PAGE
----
Combine Trips

26. Try to combine trips. If you live outside of town, try to go into town only once and get everything you need done.

Fuel Efficient Cars

27. If you are in the market for a new car, you definitely should consider fuel efficiencies. However I wouldn't buy a hybrid just for the better fuel economy if I weren't in the market for a new car. You can easily calculate how much money you would save a year and weigh that against the cost of the car (plus the potentially higher maintenance cost).
28. Its not commonly known, but Diesel engines can give you a much better gas mileage than Hybrids on long distance drives. That's one of the reasons, hybrids aren't popular in Europe but Diesels are.

Bonus:

29. Don't fill up unless you are on empty, since all this gas weighs a lot and as we have already learned (force equals .... - you know it). However I usually only do this when gas prices are falling or constant (so I can wait longer and get cheaper gas). When gas prices are rising, I fill up sooner. Due to the psychological impact of rising gas prices, people usually do the exact opposite, which will eventually cost them more.
30. The list still grows. Someone made an excellent suggestion for trucks in the forum. Dropping the tailgate of his small truck, Ronald is able to improve the aerodynamics and thus get a better gas mileage. Sounds plausible.
31. I also noticed that the first gas station you encounter after a long thirsty stretch is almost never the cheapest. After you leave a national park and didn't have a chance to pump gas for a long time, the first station will often have slightly higher prices as everyone pulls over to fill up as soon as they can. I usually drive a little further to find a cheaper station.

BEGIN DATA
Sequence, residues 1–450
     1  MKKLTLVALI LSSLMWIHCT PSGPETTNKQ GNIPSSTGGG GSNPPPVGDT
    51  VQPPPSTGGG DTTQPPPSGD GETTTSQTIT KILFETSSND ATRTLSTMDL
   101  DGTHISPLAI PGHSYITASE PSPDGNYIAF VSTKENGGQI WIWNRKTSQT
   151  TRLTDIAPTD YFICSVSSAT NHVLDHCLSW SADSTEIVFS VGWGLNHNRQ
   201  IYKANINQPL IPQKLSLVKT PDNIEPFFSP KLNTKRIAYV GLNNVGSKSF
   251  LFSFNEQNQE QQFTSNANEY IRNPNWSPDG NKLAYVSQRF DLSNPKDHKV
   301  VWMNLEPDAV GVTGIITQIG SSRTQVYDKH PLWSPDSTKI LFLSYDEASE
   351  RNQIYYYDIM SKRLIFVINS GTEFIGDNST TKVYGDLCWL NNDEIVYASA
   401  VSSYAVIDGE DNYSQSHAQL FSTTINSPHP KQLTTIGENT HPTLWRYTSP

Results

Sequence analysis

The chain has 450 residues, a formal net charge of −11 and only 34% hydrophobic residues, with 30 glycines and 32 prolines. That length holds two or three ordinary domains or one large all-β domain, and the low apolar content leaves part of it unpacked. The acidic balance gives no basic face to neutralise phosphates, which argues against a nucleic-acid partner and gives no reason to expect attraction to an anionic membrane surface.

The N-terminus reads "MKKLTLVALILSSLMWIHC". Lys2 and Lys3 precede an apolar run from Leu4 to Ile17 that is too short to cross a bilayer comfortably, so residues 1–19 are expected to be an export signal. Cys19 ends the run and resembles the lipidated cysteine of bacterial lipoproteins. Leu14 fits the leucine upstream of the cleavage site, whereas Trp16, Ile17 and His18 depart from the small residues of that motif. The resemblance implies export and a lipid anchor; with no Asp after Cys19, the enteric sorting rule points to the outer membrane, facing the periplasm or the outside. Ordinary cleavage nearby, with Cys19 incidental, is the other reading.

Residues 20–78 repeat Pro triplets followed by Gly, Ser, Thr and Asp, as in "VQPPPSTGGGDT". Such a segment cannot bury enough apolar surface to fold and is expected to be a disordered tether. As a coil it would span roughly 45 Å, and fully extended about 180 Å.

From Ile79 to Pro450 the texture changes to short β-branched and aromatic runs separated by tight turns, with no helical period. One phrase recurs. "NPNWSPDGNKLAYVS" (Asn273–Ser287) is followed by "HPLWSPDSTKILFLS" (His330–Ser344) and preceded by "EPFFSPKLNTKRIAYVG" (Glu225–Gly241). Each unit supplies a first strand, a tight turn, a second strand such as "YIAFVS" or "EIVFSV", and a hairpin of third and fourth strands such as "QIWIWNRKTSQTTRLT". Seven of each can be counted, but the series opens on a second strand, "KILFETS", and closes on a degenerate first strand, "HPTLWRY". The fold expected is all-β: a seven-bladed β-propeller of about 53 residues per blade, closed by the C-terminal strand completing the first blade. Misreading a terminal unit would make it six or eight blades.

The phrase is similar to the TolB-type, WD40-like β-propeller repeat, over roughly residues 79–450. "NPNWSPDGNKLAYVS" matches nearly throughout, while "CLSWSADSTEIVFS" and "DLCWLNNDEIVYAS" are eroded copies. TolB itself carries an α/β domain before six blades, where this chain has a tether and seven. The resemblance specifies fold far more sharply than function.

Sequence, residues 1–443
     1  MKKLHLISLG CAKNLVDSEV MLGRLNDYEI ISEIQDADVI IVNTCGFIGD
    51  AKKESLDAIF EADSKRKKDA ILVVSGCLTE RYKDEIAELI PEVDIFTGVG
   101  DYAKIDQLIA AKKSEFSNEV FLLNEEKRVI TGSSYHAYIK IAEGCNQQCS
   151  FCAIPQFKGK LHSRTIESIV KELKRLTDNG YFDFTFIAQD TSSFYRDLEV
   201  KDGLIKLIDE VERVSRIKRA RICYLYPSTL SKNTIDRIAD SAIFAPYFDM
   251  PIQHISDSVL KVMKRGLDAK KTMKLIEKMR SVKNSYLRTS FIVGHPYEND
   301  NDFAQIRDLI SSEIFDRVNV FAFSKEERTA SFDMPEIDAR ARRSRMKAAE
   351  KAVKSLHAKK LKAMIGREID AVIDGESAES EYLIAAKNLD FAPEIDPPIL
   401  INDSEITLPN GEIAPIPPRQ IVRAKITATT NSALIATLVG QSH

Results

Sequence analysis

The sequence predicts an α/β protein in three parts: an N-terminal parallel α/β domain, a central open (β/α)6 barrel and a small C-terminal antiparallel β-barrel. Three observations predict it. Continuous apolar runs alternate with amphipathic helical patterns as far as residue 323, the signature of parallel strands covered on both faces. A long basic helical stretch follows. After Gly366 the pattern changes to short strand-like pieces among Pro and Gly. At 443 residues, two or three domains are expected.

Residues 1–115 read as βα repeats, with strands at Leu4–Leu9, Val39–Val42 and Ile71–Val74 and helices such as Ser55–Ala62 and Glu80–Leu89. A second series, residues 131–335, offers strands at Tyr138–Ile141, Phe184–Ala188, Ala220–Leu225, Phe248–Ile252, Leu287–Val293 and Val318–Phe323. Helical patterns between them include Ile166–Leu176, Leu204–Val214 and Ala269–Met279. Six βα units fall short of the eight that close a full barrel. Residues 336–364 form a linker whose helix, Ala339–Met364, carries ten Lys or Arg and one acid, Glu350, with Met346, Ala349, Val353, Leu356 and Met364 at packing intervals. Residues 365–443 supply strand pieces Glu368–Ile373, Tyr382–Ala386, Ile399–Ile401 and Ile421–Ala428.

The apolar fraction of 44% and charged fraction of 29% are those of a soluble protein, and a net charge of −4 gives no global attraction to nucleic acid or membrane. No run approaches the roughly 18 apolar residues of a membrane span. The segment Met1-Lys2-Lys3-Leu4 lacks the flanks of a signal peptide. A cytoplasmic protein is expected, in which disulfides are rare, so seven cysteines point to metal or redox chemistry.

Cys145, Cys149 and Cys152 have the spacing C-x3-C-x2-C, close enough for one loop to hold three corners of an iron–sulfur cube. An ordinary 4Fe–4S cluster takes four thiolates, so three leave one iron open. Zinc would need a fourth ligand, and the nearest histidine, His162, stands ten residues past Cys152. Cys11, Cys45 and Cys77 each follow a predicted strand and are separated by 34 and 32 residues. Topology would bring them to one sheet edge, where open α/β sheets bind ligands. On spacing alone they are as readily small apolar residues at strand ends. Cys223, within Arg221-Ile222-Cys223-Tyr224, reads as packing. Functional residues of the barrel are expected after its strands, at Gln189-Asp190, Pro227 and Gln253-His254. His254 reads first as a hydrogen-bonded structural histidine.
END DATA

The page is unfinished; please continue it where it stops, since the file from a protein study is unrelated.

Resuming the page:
32. I do not fill up on gas stations visible from the Interstate I am driving on or from the main freeways. I usually take an exit at a moderately sized city when I am on a road trip and head for the city center. Before I actually get there, I usually find much better deals. Location and Competition are the factors that determine local price fluctations. This means you need to look for places with lots of competition (hence moderately sized city) and avoid prime locations (get away from the main roads). Large cities often have higher gas prices and are harder to navigate. On my last trip, I pulled over whenever I saw a station that had significantly lower prices then I had seen previously, even if my tank was only half-empty. On road trips, the rules are slightly different. Fill up whenever and wherever it is cheap and do not wait for yout tank to be empty.
Book 3+ nights at Expedia and get a free $50 gas card! - Offer good Monday - Friday until June 30th.

Credits:

Article written by Andre Gunther:
http://www.aguntherphotography.com
The Lemon Book: How Not to Get Ripped-off When You Buy a Car

Why Online Education is Better for the Environment…And Your Wallet

Why Online Education is Better for the Environment…And Your Wallet

Sunday, July 24, 2011

72 Miles Per Day of Sunlight

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Dr. Rob Wilder is Manager of Encinitas, Calif.-based WilderHill Clean Energy Index (ECO), the first Index on Wall Street for renewable energy, better energy efficiency and zero-carbon solutions. He was previously on faculty at U.C. Santa Barbara, and University of Massachusetts; he has been AAAS/EPA Fellow in Environmental Science & Technology, Fulbright Fellow, and a National Academy of Sciences Young Investigator. For a more extensive look at so-called PV+EV technology, check out http://www.wildershares.com
The idea of using solar to power electric cars is tremendously appealing in theory, yet critics insist that it’s a myth or a pipe dream at least a decade away. But it’s here now -– and our Roadster is the proof. Let’s examine how we get 72 miles per day from sunlight, or what I affectionately call 72 MPS, in our solar/electric Tesla.
To visualize how sunshine can power very fast cars, start with the solar. Our solar photo voltaic power began with installation in 2003 of a 3.85 kilowatt solar rooftop array on our home in Southern California. Originally powering only a building, the PV has been performing well and should reach payback after roughly 10 years (see solar PV system costs for more information).
The fairly short time to payback is due to two crucial components: 1) *California’s solar subsidies, and 2) *Time of Use metering (TOU) by our utility.